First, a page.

Source: Oxford Dictionaries
Today’s Word of the Week was suggested to me by my mom, who discovered it through her most recent TV obsession: Downton Abbey. Apparently it’s a word that’s been used a few times in the series, and since I had come across it before while studying vocabulary for standardized tests, I agreed that it would be an interesting word to include in this segment.
According to Oxford Dictionaries, there are two similar definitions for this adjective. An “ersatz” product is a substitute for a higher-quality version of that item, while anything else defined as “ersatz” is simply fake. Either way, it’s used to refer to something that isn’t the real thing. Now if you’re thinking this word sounds a little different from all the others featured in my Word of the Week posts before, it’s because this one is the first in the segment to come neither from Latin nor from Greek. “Ersatz” is actually a German noun meaning “replacement”, which also functions as a part in compound words (most notably Ersatzkaffee, or “ersatz coffee”).
So how did this German word seep its way into English vocabulary? “Ersatz” evidently started being recognized outside of Germany during World War I (hence its use in Downton Abbey, or so I presume), as it was used in terms referring to replacement military troops (Ersatz Corps) and substitute products developed during the war. Its transition from a noun in one language to an adjective in the other is due to grammatical differences between English and German; for instance, while a word like Ersatzkaffee is a compound noun in German, English-speakers who easily recognize the second half as “coffee” would logically assume the first syllables make up the adjective describing the familiar noun (which would probably translate to something like “false coffee”).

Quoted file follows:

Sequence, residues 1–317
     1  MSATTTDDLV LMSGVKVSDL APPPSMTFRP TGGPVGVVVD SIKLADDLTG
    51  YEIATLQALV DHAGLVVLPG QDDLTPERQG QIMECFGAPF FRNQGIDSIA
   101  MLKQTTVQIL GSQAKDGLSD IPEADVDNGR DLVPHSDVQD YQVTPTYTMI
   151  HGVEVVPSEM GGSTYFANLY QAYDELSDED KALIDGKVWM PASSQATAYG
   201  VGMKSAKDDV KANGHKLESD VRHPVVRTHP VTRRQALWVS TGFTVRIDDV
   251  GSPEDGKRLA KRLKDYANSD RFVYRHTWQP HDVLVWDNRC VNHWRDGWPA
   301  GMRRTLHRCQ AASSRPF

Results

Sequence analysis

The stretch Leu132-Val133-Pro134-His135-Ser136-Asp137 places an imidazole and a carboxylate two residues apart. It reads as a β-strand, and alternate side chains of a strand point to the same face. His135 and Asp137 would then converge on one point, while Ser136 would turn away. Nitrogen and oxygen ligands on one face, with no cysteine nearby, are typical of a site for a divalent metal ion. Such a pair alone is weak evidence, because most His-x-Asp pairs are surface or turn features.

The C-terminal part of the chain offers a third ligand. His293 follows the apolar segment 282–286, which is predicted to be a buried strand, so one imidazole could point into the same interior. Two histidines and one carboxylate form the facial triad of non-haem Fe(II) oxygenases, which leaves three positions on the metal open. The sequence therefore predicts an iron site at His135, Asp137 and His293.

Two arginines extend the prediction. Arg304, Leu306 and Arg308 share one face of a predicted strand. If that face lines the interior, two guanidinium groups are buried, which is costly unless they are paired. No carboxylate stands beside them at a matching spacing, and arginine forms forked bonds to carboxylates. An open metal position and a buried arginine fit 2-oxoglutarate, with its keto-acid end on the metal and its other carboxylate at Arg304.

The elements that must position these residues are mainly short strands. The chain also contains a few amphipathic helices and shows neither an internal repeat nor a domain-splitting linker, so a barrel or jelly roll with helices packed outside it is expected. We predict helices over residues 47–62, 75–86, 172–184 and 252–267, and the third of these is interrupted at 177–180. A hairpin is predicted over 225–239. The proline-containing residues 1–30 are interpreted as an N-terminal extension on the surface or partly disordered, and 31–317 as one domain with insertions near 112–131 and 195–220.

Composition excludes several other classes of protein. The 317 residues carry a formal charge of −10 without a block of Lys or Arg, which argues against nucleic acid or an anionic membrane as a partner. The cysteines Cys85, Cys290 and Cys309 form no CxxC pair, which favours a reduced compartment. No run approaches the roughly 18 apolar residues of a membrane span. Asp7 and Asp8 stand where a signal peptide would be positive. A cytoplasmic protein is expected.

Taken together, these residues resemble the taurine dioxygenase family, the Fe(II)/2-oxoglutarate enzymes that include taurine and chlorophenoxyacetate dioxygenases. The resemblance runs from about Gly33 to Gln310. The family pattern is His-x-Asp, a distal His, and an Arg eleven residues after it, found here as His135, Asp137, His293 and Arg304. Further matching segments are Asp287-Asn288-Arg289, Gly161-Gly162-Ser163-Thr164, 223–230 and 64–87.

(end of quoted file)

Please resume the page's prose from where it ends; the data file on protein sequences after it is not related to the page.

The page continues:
It’s worth noting that while the word can have either a positive or a negative connotation in German, its English uses generally imply inferiority. As far as how one might use it in writing, my limited experience with the word tells me it likely fits best in historical fiction, as it does have an archaic feel to it (when was the last time you heard someone call something “ersatz” as opposed to just “fake”?) Still, it could also appear in modern dialogue involving academically accomplished characters (such as Leonard’s neuroscientist/psychiatrist mother analyzing Howard and Raj’s friendship as an “ersatz homosexual relationship” on The Big Bang Theory). In my opinion, the word’s historical origins alone make it interesting, so feel free to get creative with it. Whether you choose to use it in a World War-themed novel or a conversation between characters of differing linguistic backgrounds, “ersatz” can be a great word for adding a foreign touch to your writing. Have fun!
What are your thoughts on this word? Any suggestions for future “Word of the Week” featured words?